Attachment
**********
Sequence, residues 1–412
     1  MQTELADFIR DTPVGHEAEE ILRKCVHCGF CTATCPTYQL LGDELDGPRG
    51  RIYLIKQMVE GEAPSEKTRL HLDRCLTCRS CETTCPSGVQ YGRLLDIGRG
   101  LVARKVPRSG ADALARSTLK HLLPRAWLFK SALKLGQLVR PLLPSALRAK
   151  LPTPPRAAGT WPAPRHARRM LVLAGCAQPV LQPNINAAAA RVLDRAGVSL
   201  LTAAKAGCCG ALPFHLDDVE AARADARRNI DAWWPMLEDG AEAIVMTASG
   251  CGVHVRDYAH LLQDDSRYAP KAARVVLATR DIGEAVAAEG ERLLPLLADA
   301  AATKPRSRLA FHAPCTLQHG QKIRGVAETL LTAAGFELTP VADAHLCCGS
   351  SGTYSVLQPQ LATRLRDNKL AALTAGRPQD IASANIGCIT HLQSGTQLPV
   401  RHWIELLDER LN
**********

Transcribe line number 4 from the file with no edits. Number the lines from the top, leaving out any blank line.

   101  LVARKVPRSG ADALARSTLK HLLPRAWLFK SALKLGQLVR PLLPSALRAK